(New-Object System.Net.WebClient).DownloadFile("https://github.com/jamesstringerparsec/Parsec-Cloud-Preparation-Tool/archive/master.zip","$ENV:UserProfile\Downloads\Parsec-Cloud-Preparation-Tool.zip")
New-Item -Path $ENV:UserProfile\Downloads\Parsec-Cloud-Preparation-Tool -ItemType Directory
Expand-Archive $ENV:UserProfile\Downloads\Parsec-Cloud-Preparation-Tool.Zip -DestinationPath $ENV:UserProfile\Downloads\Parsec-Cloud-Preparation-Tool
CD $ENV:UserProfile\Downloads\Parsec-Cloud-Preparation-Tool\Parsec-Cloud-Preparation-Tool-master\
Powershell.exe -File $ENV:UserProfile\Downloads\Parsec-Cloud-Preparation-Tool\Parsec-Cloud-Preparation-Tool-master\Loader.ps1

This script will download the Parsec preparation script by James Stringer, and execute that in the Powershell context. It’ll basically prepare most everything for you, and you’ll just need to watch it go to town.

It will ask you a few things from time to time, so don’t leave it for too long.

Once Parsec has been installed, make sure you log into your Parsec account in it.

Parsec configuration changes

I had to make a few config tweaks on Parsec to make it work completely:

  • Host
    • Hosting Enabled: Enabled (of course)
    • Host name: Change this to something that makes more sense for you
  • Network
    • Client Port: 9000
    • Host Start Port: 9100

The install script above should have taken care of most everything else.

Other stuff to take care of

The install script should’ve taken care of installing Xbox software (for gamepad compatibility), and Razer software (for audio). To complete the setup, we’ll need to do a few more things.

Set up Auto Logon

On your desktop should be an Auto Logon folder. Open it and run the script inside. Type in your user name as Administrator, and the computer password (you should’ve changed this by now). Confirm that auto logon has been completed successfully.

Run GPU Auto-updater

Also on your desktop is a shortcut for the GPU Auto-updater script. This will install any other missing drivers / software required for your video card.

Once you run this, it will prompt you for a few things --- just say yes when it asks if it’s OK to reboot. This will also ask for IAM user credentials --- put in the IAM user access key and secret access key we prepared earlier here.

Your machine will need to reboot once or twice to complete this step. When the machine reboots, just connect to it again via RDP, and run the GPU Auto-updater tool again. It will tell you if the installation is complete when you do.

Set up auto-shutdown

Also installed by the script earlier is a script that sets up automatic shutdown for the machine when it has been idle for a while. Consider running this so that the EC2 instance stops when you haven’t been using it (and saves you money).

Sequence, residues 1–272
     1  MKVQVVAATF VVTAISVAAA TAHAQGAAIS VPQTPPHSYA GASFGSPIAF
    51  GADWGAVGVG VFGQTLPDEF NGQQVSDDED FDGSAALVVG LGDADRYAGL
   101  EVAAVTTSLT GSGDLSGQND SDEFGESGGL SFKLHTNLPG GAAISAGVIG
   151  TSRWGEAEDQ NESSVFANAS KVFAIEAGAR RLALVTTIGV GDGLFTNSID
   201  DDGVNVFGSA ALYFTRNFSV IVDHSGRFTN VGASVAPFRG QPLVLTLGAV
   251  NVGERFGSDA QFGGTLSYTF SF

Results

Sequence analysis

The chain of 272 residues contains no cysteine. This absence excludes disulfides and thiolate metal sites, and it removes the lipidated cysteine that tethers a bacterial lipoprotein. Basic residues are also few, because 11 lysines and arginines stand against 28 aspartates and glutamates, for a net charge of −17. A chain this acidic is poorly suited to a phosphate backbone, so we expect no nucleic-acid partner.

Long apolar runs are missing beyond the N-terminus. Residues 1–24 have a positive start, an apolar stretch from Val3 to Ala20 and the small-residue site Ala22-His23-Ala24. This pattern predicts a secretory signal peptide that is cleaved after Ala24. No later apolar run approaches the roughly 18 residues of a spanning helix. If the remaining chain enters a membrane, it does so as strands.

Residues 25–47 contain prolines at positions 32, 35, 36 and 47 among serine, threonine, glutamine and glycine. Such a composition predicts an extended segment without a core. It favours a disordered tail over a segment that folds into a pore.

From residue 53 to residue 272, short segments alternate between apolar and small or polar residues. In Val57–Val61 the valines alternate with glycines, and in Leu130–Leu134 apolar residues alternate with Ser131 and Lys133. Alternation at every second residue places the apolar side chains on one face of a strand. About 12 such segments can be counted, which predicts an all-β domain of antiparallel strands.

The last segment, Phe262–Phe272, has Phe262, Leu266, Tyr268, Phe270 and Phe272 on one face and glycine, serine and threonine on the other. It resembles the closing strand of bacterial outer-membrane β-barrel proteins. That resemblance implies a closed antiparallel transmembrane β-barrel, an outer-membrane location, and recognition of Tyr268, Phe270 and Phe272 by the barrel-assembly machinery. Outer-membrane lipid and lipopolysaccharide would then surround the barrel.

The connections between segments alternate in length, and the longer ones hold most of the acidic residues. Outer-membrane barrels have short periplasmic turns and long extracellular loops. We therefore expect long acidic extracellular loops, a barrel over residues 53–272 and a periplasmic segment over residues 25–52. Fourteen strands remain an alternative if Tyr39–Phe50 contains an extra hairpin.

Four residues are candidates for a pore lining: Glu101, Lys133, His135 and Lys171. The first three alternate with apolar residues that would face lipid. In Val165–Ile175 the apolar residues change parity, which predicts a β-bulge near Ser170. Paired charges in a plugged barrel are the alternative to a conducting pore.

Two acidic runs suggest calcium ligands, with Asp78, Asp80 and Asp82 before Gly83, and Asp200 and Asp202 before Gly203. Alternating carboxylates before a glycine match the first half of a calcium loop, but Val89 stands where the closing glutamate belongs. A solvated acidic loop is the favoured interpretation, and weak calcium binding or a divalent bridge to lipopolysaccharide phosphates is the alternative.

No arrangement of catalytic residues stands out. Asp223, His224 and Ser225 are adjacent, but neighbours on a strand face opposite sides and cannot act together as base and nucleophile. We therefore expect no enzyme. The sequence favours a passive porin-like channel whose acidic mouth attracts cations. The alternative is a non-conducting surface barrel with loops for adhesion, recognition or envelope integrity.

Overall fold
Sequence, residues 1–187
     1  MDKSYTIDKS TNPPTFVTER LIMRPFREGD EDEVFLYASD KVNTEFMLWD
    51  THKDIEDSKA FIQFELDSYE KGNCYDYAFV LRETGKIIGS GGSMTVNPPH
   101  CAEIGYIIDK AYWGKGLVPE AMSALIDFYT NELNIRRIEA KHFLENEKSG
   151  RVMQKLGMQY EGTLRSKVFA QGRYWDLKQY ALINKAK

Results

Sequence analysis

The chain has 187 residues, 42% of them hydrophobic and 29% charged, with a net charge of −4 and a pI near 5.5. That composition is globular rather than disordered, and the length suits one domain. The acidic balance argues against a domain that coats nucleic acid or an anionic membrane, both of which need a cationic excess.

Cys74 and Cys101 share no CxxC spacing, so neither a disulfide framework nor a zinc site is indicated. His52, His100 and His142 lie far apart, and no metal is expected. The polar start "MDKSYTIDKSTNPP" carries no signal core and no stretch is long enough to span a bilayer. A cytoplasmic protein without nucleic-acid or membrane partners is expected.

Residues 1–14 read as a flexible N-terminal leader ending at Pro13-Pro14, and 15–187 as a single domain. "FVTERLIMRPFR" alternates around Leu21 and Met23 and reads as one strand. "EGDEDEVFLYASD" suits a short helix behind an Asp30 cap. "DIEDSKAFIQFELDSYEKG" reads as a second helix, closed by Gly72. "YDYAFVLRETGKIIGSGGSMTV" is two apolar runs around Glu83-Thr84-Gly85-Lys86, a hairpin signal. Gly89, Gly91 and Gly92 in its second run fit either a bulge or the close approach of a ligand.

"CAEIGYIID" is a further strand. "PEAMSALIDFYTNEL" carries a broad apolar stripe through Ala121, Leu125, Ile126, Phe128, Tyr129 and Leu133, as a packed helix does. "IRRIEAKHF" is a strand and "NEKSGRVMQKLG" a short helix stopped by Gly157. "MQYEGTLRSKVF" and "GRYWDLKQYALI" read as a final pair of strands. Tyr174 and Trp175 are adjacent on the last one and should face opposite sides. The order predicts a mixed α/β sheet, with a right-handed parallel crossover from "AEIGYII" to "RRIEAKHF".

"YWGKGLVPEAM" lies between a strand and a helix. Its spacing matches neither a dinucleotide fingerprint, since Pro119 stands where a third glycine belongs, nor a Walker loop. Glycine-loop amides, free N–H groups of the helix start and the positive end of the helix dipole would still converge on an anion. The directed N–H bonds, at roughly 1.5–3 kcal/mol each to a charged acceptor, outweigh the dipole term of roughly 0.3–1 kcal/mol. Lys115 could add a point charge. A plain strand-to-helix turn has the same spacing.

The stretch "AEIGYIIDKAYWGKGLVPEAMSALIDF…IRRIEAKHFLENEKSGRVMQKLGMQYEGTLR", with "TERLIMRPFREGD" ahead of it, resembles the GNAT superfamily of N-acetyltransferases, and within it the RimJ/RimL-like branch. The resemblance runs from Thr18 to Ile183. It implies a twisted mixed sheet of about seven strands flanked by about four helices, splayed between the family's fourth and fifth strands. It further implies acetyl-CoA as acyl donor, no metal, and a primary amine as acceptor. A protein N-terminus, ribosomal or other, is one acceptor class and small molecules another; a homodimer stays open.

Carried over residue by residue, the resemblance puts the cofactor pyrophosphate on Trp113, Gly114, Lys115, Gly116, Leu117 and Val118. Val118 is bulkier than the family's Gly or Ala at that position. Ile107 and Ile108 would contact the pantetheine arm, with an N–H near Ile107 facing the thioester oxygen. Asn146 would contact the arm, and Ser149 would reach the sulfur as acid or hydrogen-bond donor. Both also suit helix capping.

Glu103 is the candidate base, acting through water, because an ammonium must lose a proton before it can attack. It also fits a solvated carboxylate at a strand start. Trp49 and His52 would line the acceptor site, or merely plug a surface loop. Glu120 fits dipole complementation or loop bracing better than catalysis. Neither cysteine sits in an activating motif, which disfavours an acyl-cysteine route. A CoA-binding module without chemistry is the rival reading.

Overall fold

I’ve personally set mine to auto-shutdown after 20 minutes of inactivity.

Confirm that you can connect via Parsec

Make sure your remote desktop session is disconnected at this point.

From another machine, install Parsec (not using the install script this time). Log into your Parsec account, and just confirm that you can connect to your Parsec host server.

Once you’re connected, Parsec will function just like Remote Desktop earlier, but it will generally feel more fluid and faster.

At this point, you can then install your games (e.g. Steam), and your gaming apps (e.g. Discord), and use Parsec to play remotely.

Cleanup

There’s a bunch of things you’ll want to do once you’ve confirmed that you can connect via Parsec.

Close down your RDP and VNC ports in your security group

Remember the security group we created earlier for our EC2 instance?

Once you’ve set up your Parsec connection, you won’t need to remote desktop and/or use VNC anymore (and even if you do, you can always just open the ports again).

So you’ll want to modify the security group to remove the RDP and VNC ports to make your machine a bit more secure.

Remove the access credential from your IAM user

Also at this point, your EC2 instance won’t need the IAM user you created earlier anymore.

To ensure it can never be used again (remember: this has Administrator permissions!), you can either delete the IAM user itself, or revoke the access credentials you’ve given it in IAM.


Outcome

Your latency will greatly depend on which AWS region you set up your machine, and where you’re playing from. I set up Parsec hosts in the Singapore, Tokyo, and Hong Kong regions in AWS, with best results streaming to the Philippines from Hong Kong.

It also seems like the lag differs from game to game as well, even if the network latency is the same. I found that the gameplay experience of, for example, Crysis 2 and Witcher 3 were really good, but Borderlands 3 was very difficult to play --- even if the latency across all three games were the same.

Here are some more sample videos:

Dota 2

Witcher 3

Borderlands 3

Subnautica